Learning How To Handle Disagreements
Sooner or later, couples disagree. A Kaua’i couple is presenting a series of videos that show partners how to fight in a productive way
Men may not actually be from Mars or women from Venus, but communication boundaries sometimes make it feel that way.
To help resolve relationship conflicts, husband-and-wife team Tim and Lynn Mira will present a free DVD series titled Love and Respect beginning Jan. 10. The videos will be screened from 7 to 8:30 p.m. Tuesday nights through Feb. 7 at Kaua’i Bible Church.
By providing this free service to the community four times a year, the Miras are helping others overcome communicative obstacles. They have even helped couples mend fractured relationships.
“This is a good New Year’s resolution,” says Lynn. “Especially because of the economy, people are really struggling, relationships are on edge because of how things are going.”
And there is no way around disagreements.
“We’re going to fight, we’re human,” says Lynn. “It’s inevitable.”
“And if you don’t know the technique of how to talk and most folks don’t we fall short in that arena. They start yelling,” adds Tim, a real estate agent with Oceanfront Realty on the South Shore. “You have to know how to fight.”
By watching the DVDs, couples of all ages and even singles are given tools to help identify problems. They learn how to speak to someone without escalating into what the videos call the “crazy cycle.”
The Miras are familiar with communication roadblocks.
Before she watched the video with a Bible-study group several years ago, whenever Lynn was upset, she would approach Tim in a manner that was not receptive to him.
“When I was mad at my husband, I’d have my hands on my hips and attack him and ask him what’s wrong,” she says. “And he didn’t understand, so he turned away.”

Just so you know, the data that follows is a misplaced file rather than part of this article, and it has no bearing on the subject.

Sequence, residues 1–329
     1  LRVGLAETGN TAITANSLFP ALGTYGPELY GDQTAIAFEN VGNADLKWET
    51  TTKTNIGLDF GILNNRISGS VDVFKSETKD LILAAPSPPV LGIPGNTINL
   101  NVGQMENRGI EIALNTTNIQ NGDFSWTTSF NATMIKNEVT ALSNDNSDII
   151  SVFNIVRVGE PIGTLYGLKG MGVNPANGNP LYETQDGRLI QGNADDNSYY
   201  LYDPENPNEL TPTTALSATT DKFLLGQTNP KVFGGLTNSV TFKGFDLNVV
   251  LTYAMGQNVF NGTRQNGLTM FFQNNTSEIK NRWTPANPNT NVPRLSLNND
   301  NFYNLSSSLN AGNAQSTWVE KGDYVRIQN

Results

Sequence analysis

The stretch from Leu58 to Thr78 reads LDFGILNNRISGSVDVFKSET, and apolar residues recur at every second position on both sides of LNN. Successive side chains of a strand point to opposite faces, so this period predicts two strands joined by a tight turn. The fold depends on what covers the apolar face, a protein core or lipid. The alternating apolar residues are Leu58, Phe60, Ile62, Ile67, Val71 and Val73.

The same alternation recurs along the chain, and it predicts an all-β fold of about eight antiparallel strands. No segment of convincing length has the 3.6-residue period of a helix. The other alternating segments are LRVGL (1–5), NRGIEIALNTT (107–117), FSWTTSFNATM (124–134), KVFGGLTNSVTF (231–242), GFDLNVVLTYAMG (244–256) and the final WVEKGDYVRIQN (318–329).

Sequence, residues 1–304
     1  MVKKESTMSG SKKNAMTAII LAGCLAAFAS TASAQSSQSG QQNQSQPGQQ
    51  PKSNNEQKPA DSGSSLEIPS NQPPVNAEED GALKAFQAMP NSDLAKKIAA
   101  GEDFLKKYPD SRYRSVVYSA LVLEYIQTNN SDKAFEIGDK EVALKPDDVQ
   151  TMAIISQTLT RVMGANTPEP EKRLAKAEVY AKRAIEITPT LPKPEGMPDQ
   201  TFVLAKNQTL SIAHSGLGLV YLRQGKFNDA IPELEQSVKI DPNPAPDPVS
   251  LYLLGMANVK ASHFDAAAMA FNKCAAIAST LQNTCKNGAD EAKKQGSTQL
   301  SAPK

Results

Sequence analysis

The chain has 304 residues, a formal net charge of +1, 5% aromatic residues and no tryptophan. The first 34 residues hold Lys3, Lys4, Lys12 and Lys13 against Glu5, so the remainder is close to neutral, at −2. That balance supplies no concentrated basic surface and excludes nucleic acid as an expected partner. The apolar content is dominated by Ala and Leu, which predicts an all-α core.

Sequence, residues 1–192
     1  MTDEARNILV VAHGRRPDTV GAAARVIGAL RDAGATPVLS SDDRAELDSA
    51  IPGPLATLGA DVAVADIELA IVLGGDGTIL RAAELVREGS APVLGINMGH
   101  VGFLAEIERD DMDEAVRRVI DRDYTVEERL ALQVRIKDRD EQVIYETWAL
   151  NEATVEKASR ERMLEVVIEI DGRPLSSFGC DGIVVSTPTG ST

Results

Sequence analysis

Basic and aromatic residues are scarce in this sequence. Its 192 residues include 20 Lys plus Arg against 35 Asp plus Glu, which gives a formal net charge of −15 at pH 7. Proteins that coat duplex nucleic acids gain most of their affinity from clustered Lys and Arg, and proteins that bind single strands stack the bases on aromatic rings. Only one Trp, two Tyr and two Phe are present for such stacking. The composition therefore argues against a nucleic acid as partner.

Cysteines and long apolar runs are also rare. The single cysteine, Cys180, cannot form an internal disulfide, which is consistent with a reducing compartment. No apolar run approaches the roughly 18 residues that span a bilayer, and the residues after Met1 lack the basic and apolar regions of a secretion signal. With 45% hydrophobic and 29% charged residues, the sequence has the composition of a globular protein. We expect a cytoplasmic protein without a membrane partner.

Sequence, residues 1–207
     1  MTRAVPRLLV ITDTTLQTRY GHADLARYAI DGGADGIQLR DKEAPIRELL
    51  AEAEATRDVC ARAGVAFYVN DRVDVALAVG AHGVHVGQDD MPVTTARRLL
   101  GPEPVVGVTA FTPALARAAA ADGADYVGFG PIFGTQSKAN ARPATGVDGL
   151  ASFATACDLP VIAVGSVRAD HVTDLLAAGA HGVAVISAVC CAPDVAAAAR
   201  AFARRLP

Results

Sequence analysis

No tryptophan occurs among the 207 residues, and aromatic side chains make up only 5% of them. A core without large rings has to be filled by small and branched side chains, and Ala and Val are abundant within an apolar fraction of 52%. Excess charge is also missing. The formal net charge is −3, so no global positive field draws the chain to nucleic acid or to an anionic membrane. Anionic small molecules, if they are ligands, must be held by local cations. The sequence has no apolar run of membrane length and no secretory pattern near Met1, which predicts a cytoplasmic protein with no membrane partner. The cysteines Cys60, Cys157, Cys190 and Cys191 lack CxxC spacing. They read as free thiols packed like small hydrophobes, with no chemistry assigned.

Feeling like she was not being taken seriously and that he was avoiding confrontation, she would follow him.
But what Lynn didn’t realize was that the action Tim demonstrated was normal for a man.
“We men think women are attacking us. By turning, it’s an honorable thing,” he explains. “I don’t want to have that conflict, so I’ll just turn and go into another room. What this program does is puts words to our feelings, and men, we’re not expressively responsive like women are. So finally, a program comes along that verbalizes what we’ve been feeling for a long time.”
Appreciating the differences between males and females in language and communication methods can lead to healthier and happier partnerships.
“I’ve had men come to me after and thank me with tears in their eyes because it has spoken their language,” says Lynn.
The Miras, parents of adult sons Cory and Kyle, say the series hit a personal a person chord with them, leaving them with the desire to share it.
“When we saw it, what struck in our hearts was that these are just church members getting to see this,” says Tim. “What about the general public who really needs to see this?”
So to celebrate their 25th wedding anniversary in July 2009, they decided to share the series with others.
Though only about 40 people showed up for the first screening, the largest gathering was in Po’ipu, with about 100 people. To date, more than 500 individuals have taken part in the relationship course hosted by the duo. And everyone of all religious or non-religious backgrounds is invited.
“What I say is you come check it out and if you like it, you stay, and if you don’t, you can leave,” says Lynn.
“It’s not a recruitment tool,” adds Tim. “You come, you take and you go.”
The videos also employ humor.
“You can see yourself in the video and laugh,” says Lynn.
And they are shown in an anonymous, non-threatening environment where no one is pressed to speak or share.
Visit loveandrespect.com, email firstname.lastname@example.org or call 332-7406 for more information.